Treasury Secretary Paul H. O'Neill has floated some surprisingly radical proposals to redress this problem. Among other things, he wants to force CEOs to certify the accuracy of their companies' financial statements, make it easier for the government to punish executives, and reduce the ability of officers and directors to insure themselves against fraud claims.
FEWER WOULD-BE EXECS? Despite public outrage about the collapse of Enron, these ideas are getting a mixed reception. Some, such as having CEOs vouch for their 10Ks, may survive. Others are already all but dead.
One of the casualties appears to be the notion of giving directors and officers some financial liability for shareholder fraud. Critics warn that if companies can't fully indemnify executives and board members from financial penalties, they could have trouble attracting candidates, especially in industries prone to securities litigation, such as finance and technology. "It's a crazy idea," says B. Kenneth West, a corporate governance consultant for TIAA-CREF, the teachers' pension fund often at the forefront of calls for increased management accountability.
While the concerns are valid, the idea of limiting corporate indemnification would have one enormous benefit: It would create an effective disincentive by making executives who mislead shareholders bear some of the pain caused by their misdeeds. That's all too rarely the case these days. And nothing else the Bush Administration is considering will make much of a difference if most executives can count on a big Director & Officer insurance policy to bail them out of trouble.
DISTORTED INCENTIVES. The system isn't meant to work that way. Executives at companies suspected of engaging in financial shenanigans are often sued by the Securities & Exchange Commission and aggressive plaintiffs' law firms. But charges of fraud are exceedingly difficult to prove. That's a big reason why the SEC and private lawyers often settle.
Without a finding of fraud, however, the D&O policies shield executives from financial liability. So most directors and officers who have committed financial malfeasance get away essentially scot-free financially. "It is absolutely necessary to find some way of creating a sting for executives without sending them to jail," says Georgetown University securities law expert Donald C. Langevoort.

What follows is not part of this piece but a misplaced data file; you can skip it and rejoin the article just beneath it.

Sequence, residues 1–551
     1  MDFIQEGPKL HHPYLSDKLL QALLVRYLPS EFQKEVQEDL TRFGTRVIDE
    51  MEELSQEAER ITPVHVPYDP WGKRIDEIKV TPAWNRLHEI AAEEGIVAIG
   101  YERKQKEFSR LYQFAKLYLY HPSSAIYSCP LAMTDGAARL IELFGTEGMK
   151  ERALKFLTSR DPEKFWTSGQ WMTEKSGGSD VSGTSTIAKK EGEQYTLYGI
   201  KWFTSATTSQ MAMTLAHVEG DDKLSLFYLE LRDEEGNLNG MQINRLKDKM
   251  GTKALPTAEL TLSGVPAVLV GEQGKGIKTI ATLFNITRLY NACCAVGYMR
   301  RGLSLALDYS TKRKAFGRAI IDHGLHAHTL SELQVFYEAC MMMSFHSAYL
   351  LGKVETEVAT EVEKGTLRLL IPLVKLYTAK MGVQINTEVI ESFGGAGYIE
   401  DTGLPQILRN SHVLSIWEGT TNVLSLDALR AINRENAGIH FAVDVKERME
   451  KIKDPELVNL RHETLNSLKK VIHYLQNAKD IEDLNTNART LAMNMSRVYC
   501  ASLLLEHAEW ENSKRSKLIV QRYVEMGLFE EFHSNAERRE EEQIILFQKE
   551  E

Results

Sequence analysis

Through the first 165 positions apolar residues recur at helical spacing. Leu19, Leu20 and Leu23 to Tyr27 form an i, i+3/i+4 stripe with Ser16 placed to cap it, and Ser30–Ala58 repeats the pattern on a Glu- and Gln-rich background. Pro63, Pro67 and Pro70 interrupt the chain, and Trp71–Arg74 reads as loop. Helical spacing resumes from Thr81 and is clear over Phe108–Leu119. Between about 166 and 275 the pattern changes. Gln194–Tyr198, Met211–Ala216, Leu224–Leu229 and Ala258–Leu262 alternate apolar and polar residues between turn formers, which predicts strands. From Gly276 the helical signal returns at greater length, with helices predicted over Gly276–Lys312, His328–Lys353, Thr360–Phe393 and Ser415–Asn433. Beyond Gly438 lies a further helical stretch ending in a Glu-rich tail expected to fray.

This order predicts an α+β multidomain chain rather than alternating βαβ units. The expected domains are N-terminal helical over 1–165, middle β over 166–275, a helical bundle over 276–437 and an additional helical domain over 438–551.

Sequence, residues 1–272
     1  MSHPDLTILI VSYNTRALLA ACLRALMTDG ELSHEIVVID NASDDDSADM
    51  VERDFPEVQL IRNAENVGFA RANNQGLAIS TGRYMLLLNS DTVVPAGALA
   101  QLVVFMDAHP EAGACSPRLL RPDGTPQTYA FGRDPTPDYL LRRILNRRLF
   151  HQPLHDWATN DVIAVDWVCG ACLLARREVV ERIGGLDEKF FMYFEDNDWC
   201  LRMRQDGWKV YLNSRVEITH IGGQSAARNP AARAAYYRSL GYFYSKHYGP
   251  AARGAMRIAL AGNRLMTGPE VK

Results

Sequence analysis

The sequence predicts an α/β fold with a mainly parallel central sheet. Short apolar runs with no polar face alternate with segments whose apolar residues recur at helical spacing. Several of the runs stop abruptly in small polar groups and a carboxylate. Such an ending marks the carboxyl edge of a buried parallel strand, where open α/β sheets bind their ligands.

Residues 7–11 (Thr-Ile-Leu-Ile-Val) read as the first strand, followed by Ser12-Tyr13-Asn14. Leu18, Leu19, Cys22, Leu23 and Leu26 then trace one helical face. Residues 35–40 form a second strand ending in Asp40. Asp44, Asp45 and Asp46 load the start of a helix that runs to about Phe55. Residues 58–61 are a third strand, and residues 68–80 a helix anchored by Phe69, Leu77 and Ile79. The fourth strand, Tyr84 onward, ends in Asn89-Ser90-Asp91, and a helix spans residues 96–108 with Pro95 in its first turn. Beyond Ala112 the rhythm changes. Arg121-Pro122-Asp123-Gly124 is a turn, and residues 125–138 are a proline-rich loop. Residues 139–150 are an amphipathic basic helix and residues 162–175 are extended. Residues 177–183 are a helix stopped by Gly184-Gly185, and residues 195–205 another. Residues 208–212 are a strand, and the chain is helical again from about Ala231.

In the absence of any real prospect of financial loss, much less time behind bars, executives face a distorted set of incentives. While the risk of punishment from exaggerating a company's performance is low, the reward can be tens or hundreds of millions of dollars. For many executives, the math couldn't be more clear: All of the benefits of cooking the books are private, while the costs are held largely by the company and its investors.
LIMIT THE LIABILITY. To be sure, threatening executives with unlimited personal liability is a bad idea. It would make them too cautious and discourage many -- particularly university professors, community representatives, and others of more modest means -- from ever serving on boards. But this problem might be managed by limiting the liability to, say, one or two years' worth of compensation. The key would be in striking the right balance. "You would want to increase the tension to the point where people were more careful, but not so much that it would drive away every candidate," says Henry T.C. Hu, a University of Texas School of law professor.
Nobody pretends this would be easy. Any new laws would have to be crafted to prevent execs from sidestepping the rules. They would, for example, have to prevent them from buying their own private insurance against fraud liability and then getting their companies to compensate them for the premiums.
Closing such loopholes would be difficult, if not impossible. But it is worth the effort to try -- as would be making executives face direct liability for shareholder fraud. It's a worthy alternative for a system in need of serious reform. France follows securities law from New York